For many years, herbalists have recommended hot peppers medicinally to cure a variety of complaints. Capsaicin is a compound that is currently being investigated by medical researchers for relieving arthritis pain and well as a number of other conditions such as neuropathic pain, psoriasis, and prostate cancer. Will your doctor one day prescribe “take two hot peppers and call me in the morning?”

For more information:

Maine State Beekeepers Are Buzzing Around the State

By Richard McLaughlin, EAS Master Beekeeper and President of the Maine State Beekeepers Association

Summer is the time of year we all get outside and enjoy the warm sunny weather. As the gardening season progresses we notice the increased activity of the many pollinators around us — bumblebees, hummingbirds, butterflies, and of course, honey bees. With this comes the curiosity on just how these pollinators do their job and how they live their lives. To help answer some of these questions each year, members of the Maine State Beekeepers Association give talks and demonstrations, collect swarms, and just generally volunteer in all kinds of ways to help people understand the important role pollinators play in making our flower and vegetable gardens more beautiful and abundant.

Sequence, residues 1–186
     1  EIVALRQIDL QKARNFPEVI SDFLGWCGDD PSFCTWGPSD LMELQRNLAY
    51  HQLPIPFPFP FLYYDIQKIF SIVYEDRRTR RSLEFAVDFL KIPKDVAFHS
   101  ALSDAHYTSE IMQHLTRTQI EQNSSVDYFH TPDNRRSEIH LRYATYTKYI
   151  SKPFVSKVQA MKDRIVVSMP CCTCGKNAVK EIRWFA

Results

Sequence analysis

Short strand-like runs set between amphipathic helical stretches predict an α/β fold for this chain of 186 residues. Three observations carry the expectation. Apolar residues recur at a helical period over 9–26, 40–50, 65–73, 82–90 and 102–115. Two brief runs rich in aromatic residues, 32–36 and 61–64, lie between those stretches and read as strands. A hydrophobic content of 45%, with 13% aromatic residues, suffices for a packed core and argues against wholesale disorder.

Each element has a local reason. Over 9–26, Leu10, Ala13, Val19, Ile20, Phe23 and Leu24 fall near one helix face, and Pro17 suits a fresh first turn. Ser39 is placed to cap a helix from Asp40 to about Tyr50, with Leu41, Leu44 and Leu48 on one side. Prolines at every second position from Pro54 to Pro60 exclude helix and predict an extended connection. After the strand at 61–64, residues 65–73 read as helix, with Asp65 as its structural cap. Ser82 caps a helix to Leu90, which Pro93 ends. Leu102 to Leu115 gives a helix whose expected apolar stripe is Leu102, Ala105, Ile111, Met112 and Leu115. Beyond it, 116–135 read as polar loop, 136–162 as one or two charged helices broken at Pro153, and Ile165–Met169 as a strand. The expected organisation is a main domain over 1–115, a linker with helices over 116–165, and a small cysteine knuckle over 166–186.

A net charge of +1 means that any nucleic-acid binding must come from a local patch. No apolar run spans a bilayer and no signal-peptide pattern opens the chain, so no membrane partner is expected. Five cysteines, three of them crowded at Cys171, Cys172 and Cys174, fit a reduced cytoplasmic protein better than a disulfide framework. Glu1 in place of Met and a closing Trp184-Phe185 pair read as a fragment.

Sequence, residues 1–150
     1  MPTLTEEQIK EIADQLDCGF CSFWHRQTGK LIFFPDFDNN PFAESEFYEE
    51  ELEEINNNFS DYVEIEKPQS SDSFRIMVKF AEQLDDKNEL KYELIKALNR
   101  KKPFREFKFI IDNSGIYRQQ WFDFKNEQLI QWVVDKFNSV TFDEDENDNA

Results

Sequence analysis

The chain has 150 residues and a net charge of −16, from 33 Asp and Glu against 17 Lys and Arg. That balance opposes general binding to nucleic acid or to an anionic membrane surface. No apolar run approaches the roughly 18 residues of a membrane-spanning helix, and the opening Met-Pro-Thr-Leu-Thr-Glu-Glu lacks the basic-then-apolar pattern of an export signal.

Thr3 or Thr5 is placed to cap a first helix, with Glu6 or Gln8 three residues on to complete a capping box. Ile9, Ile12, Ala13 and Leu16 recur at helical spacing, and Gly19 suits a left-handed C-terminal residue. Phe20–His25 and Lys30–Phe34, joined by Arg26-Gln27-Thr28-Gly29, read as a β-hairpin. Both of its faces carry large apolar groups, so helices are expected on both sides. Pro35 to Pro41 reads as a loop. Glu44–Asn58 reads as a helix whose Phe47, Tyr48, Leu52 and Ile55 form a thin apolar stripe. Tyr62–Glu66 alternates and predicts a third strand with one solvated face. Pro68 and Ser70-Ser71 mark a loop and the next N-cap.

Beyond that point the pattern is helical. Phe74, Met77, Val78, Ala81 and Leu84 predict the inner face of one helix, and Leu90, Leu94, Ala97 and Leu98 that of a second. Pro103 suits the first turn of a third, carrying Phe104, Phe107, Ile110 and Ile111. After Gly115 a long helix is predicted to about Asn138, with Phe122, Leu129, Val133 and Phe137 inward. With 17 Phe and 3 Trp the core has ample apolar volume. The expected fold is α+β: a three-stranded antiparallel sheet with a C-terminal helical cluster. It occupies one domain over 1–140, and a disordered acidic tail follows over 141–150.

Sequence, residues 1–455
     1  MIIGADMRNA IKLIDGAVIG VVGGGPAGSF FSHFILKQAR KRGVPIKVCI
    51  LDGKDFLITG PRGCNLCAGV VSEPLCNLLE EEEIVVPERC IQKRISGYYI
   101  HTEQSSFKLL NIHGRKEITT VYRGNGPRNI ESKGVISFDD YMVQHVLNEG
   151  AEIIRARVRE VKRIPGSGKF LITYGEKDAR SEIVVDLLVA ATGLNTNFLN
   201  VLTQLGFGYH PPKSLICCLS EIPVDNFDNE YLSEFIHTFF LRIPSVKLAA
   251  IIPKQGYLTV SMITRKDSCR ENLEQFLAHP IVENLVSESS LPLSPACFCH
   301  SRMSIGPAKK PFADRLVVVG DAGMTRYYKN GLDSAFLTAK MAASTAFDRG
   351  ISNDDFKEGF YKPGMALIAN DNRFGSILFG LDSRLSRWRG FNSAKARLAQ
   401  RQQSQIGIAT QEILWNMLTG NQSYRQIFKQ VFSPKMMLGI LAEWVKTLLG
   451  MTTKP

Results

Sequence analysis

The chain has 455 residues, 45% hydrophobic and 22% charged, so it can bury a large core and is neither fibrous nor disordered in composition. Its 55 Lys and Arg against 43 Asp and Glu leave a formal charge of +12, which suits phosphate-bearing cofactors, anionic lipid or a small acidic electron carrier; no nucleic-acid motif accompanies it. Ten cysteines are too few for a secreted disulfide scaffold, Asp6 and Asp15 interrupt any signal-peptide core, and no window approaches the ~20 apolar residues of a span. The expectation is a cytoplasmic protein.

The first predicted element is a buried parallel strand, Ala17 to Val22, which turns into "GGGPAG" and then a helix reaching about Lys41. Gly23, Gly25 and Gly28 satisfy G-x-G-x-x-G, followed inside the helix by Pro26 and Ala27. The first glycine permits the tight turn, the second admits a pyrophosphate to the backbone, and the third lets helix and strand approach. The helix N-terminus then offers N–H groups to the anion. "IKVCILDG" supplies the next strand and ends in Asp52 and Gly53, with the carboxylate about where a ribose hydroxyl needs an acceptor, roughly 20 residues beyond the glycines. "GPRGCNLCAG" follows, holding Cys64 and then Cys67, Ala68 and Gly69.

The MSBA, founded in 1976 (the year after the honey bee was named the state insect) currently has over 700 members. It is comprised of many chapter clubs across the state ranging in size from only a handful of members up to 250 or more. Here’s a sampling of what our local club members do to spread the word about bees:

The Cumberland County Beekeepers Association presents at the Gray Wildlife Park each year. They bring an observation hive with live bees along with hive equipment, beekeeping tools, smokers and veils. It is a fun day for families. Adults and children alike can watch the bees busily working and learn about the life of the honey bee. Kids are encouraged to dress up in beekeeping attire and have their pictures taken.

Apiary at Tidewater Farms
A view of the Tidewater Apiary. Photo by Keith Kettlehut.

If you miss the CCBA beekeepers at the Wildlife Park, you may be able to catch them at the Tidewater Farm in Falmouth where the club has an apiary on Cooperative Extension land. Open hive events and impromptu demonstrations are conducted throughout the season. If you just happen to be walking the Portland Trails when the keeper of the apiary, Keith Kettlehut, is present you are welcome to stop, observe, and ask questions. And, if you are feeling brave, extra veils are usually available so you can get an up-close tour of the bees working inside their hives.